This study develops a theoretical model that links reconfigurable manufacturing systems with top management beliefs, participation, and environmental performance, drawing on agency theory and organizational culture. The study takes into account the possible confounding effects of organization size and organizational compatibility. Drawing on responses from 167 top managers, the results of hypothesis testing suggest that (i) higher top management participation, being influenced by top management beliefs, leads to higher chances of RMS becoming adopted by organizations as their manufacturing strategy; (ii) organizational culture moderates the relationship between the level of top management participation and RMS (and manufacturing strategies) adoption; and (iii) higher re-configurability of manufacturing systems leads to better environmental performance. Furthermore, we integrate Agency Theory and organizational culture to explain the role of top management beliefs and participation in achieving environmental performance via RMS. Finally, we offer guidance to those managers who would like to engage in leveraging top management commitment for achieving environmental performance, and outline further research directions.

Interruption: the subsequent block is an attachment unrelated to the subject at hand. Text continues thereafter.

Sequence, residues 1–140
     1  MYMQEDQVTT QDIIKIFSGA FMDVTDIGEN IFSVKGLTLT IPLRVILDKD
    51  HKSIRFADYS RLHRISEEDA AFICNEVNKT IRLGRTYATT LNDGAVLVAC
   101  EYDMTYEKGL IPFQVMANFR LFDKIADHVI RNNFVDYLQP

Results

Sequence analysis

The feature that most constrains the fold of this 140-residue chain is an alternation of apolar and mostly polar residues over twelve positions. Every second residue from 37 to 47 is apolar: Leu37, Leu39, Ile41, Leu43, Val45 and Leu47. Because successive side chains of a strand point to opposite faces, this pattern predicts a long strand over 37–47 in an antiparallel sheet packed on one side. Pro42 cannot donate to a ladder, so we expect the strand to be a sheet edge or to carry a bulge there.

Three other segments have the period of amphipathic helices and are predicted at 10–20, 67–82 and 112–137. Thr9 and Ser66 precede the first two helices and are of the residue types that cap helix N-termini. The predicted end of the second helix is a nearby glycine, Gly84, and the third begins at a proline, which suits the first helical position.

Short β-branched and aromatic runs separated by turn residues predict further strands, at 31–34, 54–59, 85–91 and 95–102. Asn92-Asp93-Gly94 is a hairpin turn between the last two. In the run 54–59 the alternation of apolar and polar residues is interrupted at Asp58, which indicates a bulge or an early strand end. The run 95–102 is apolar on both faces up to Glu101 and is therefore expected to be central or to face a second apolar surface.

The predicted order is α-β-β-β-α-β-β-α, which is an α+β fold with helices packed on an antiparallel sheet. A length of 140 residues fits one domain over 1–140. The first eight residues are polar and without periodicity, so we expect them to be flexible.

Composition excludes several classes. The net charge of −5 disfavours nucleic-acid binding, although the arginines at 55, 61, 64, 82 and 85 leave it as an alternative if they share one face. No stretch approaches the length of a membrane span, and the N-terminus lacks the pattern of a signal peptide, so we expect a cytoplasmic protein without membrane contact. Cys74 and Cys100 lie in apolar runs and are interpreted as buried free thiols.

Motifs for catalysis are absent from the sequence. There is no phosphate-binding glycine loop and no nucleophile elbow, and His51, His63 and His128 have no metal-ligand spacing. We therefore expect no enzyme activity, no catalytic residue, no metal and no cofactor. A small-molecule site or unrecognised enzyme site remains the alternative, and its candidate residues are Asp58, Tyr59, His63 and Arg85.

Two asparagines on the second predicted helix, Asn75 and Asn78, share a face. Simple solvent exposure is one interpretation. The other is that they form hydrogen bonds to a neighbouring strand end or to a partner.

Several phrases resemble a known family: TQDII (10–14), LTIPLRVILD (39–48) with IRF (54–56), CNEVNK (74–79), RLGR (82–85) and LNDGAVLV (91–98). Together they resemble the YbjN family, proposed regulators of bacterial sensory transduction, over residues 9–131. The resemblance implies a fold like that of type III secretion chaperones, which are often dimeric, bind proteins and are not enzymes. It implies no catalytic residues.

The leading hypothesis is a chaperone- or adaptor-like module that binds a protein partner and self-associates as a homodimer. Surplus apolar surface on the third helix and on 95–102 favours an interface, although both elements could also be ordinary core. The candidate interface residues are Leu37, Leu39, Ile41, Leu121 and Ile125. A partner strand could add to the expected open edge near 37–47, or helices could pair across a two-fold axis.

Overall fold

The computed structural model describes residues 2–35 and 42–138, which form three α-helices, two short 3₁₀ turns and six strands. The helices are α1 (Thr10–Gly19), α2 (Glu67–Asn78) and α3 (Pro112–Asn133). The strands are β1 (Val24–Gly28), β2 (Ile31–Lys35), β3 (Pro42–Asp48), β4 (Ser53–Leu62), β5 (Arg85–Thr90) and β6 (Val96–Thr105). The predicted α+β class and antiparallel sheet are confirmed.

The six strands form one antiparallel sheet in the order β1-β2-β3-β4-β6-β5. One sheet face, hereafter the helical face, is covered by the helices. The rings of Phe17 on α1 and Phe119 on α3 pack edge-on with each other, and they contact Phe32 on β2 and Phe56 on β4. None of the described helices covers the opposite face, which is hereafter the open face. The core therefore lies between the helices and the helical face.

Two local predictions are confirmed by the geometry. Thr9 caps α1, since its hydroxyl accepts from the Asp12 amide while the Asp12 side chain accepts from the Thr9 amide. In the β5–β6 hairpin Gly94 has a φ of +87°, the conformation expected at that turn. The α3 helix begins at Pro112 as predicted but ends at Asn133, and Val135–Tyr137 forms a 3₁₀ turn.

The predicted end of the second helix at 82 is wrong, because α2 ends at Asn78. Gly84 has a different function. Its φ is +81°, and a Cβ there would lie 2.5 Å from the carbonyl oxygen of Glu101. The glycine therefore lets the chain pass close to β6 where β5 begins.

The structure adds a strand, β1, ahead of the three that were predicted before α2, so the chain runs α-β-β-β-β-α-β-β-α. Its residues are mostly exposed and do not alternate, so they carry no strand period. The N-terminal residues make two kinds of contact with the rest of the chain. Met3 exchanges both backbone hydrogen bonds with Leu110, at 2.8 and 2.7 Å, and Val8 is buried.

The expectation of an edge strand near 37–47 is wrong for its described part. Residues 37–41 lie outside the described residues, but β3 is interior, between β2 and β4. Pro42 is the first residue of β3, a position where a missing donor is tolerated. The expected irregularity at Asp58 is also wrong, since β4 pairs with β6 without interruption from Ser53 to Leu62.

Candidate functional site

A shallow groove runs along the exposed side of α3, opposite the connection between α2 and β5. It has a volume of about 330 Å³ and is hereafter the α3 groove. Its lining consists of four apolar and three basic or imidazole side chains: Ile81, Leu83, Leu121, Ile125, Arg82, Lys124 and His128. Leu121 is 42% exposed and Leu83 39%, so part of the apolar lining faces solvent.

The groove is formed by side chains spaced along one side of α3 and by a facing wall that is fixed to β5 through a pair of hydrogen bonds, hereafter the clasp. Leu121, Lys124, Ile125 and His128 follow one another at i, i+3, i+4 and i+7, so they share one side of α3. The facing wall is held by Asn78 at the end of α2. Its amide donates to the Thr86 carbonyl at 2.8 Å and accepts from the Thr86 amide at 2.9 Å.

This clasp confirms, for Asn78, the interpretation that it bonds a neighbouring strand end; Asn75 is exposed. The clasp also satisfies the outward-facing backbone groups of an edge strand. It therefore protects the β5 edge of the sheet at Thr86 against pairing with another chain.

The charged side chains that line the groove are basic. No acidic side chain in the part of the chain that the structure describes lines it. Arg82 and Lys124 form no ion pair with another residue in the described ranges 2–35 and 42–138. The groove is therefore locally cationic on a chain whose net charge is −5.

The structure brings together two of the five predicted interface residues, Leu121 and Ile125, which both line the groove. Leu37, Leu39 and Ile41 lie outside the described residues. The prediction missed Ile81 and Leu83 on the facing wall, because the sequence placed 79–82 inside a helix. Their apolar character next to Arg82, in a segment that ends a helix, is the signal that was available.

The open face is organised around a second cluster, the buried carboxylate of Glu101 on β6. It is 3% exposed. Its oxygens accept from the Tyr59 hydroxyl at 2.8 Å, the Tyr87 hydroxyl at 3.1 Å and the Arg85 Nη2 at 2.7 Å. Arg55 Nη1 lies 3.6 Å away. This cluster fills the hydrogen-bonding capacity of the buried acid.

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Journal of Cleaner Production



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Plymouth Business School